In the second episode of “Mad Men,” the archly titled “Ladies Room,” Betty Draper cannot apply her lipstick because her hands are shaking. Mona Sterling, Roger’s then-wife, who has accompanied Betty on this trip to powder their noses, helps her without condescension. Betty is 28, with two kids at home, meeting her husband’s boss and his boss’s wife for a swanky dinner in Manhattan. She’s nervous, and not just because Mona is almost old enough to be her own mother, while Roger is a comfortable aristocrat at the dinner table. She doesn’t really know her husband, who is avoiding questions about his childhood at the dinner table. She doesn’t really know what his life is like in Manhattan; she’s a creature of the suburbs, taken off the shelf and dusted off for special occasions only. As the audience discovers later in the season, Betty knows, deep down, that Don is cheating on her, which is at least one of the reasons her hands shake when she’s in his world.
The other is that she’s shaken and grieving. As she confides to Mona, her mother died just two months ago today. If Betty’s mom had her around the time that she had Sally, then her mother was in her mid-40s when she passed away.
It appears that Betty will not even make it to 40.
It makes perfect sense. There’s barely a moment Betty’s on-screen where she’s not either immediately post-cigarette or immediately pre- another one. She literally gets out of the doctor’s office and reaches for a cigarette. Betty has smoked cigarettes ever since she was a teenager—probably since she was younger than Sally is now. (Nothing about Sally picking a cigarette out of Betty’s case and smoking it in the car in the season six episode “The Quality of Mercy” seemed to shock Betty; if anything, it amused her. The cigarette was a rite of passage.) Betty didn’t just make smoking looked cool, she made it look statuesque, graceful, done.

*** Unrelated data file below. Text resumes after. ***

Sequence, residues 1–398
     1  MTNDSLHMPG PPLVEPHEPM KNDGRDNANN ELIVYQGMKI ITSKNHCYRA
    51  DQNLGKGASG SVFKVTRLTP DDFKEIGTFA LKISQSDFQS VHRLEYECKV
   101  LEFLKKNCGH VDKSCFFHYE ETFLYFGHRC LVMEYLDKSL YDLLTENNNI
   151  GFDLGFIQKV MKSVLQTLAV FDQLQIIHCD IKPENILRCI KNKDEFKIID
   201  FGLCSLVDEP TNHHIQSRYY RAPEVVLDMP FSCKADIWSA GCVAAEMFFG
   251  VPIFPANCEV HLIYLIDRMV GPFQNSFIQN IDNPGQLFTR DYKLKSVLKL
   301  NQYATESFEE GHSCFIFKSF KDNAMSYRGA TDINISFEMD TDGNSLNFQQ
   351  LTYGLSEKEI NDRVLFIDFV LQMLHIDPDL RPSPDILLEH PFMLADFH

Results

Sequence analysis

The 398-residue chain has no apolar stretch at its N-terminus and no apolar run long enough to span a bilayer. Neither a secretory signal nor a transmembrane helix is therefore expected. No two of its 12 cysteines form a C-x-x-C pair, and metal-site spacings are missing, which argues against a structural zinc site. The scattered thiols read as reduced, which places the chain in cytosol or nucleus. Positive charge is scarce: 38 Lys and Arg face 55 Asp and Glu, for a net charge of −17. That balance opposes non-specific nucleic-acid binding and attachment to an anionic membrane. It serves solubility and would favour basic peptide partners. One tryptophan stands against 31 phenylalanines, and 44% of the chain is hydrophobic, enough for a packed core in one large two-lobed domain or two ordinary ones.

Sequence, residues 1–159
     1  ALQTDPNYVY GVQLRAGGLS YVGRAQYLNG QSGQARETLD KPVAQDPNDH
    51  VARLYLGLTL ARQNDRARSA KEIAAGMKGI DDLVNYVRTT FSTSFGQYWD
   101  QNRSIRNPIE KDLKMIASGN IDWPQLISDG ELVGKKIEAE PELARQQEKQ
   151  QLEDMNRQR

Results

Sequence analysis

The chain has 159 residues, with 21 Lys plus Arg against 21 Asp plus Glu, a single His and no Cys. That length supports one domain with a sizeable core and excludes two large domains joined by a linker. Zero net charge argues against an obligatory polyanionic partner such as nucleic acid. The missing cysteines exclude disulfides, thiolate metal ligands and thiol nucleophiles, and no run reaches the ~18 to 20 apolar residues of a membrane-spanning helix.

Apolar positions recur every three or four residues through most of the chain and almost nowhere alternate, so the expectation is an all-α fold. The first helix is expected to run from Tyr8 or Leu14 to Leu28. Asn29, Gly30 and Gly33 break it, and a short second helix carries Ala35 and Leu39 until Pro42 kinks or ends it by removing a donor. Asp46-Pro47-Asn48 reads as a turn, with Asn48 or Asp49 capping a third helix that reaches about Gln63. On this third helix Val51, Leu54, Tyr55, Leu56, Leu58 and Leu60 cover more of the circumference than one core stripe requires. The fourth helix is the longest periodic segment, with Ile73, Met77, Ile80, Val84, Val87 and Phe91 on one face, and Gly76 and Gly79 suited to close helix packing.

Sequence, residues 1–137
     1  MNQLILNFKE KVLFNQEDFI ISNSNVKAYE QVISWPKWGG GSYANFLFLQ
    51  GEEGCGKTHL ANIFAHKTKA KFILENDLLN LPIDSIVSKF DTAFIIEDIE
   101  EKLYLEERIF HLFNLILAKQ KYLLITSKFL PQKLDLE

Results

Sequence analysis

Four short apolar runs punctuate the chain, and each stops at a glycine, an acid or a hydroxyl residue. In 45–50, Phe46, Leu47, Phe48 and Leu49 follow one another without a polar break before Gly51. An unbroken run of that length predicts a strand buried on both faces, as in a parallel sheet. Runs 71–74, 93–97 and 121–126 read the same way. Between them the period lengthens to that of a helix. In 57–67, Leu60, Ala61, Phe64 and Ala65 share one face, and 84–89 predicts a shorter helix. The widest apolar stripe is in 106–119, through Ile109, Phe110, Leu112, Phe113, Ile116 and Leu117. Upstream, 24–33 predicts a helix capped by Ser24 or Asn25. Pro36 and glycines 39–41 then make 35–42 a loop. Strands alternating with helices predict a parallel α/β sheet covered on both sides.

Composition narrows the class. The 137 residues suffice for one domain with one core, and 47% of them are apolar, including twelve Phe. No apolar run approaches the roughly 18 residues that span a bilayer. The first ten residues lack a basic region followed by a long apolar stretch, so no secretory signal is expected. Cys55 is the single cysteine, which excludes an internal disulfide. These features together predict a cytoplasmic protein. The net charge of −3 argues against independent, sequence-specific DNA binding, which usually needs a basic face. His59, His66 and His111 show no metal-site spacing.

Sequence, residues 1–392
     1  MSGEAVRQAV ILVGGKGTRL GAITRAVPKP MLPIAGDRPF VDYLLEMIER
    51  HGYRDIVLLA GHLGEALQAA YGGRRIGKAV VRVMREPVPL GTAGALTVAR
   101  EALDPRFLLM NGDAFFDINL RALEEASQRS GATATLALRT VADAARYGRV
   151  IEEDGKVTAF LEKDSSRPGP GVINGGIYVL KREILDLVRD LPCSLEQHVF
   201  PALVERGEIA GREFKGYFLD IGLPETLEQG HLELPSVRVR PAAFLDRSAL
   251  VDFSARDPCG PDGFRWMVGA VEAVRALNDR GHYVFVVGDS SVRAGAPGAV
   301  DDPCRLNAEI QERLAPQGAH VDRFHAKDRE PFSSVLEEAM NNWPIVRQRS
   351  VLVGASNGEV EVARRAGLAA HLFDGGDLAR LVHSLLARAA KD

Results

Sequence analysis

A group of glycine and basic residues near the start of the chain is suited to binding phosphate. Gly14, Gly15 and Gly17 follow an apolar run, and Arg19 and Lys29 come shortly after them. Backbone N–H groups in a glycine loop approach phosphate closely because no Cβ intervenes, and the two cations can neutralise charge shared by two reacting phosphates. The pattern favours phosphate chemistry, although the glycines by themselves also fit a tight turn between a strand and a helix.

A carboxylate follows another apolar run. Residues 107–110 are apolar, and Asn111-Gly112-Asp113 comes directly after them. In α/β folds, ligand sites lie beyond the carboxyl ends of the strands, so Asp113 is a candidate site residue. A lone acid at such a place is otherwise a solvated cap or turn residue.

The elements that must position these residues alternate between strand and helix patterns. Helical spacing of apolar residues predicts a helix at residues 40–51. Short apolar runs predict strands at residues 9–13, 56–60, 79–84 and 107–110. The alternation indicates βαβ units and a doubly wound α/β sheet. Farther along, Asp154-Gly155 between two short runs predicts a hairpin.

It makes perfect sense, too, because her husband used to sell cigarettes for a living—it was, after all, Don Draper, in the very first episode of "Mad Men," who found a way for Lucky Strike to avoid the surgeon general’s report on cigarettes’ link to lung cancer by appealing to America’s collective desire to stay blissfully ignorant as long as possible. Much of the first season of “Mad Men” focused on the decade’s suicidal obsession with cigarettes—Betty smokes in her psychiatrist’s office; Peggy’s gynecologist smokes in the exam room; Roger Sterling smokes even though he’s had a heart attack and nearly died. When Sterling Cooper lost Lucky Strike, it faded from the show’s day-to-day, but the pernicious, poisonous influence of cigarettes is baked into the premise of the show.
And now Betty Draper is dying at the age of 38, just 10 years after her own mother died. She can’t climb up the stairs to her psychology class she’s enrolled in, for her long-awaited master's degree (the logical culmination, perhaps, of her first-season sessions with the psychiatrist). And she’s facing it with an almost unbelievable stoicism—an iciness that both strengthens her resolve to continue living her life as she did before, without trying to lengthen it, and extends to her husband and daughter, whom she won’t even humor with a longer-held hug.
There is more to “The Milk and Honey Route” than Betty’s story, but Betty’s is the one that matters. Don engages with ghosts from his past and remnants of a different life somewhere outside Tulsa, and his aimless wandering is where the title of the episode comes from: “The Milk And Honey Route” is a “humorous” guide to being a hobo, that population of shiftless wanderers that young Dick Whitman so memorably collided with in season one’s “The Hobo Code.” An element of Don’s adventures is infused with the allegorical quality of struggling to kill his demons from the past, so that he can—maybe—move into an uncertain future. But Betty’s story in this episode is entirely about confronting those demons, and then realizing they can’t be conquered; the future isn’t just uncertain or unknown, it’s nonexistent.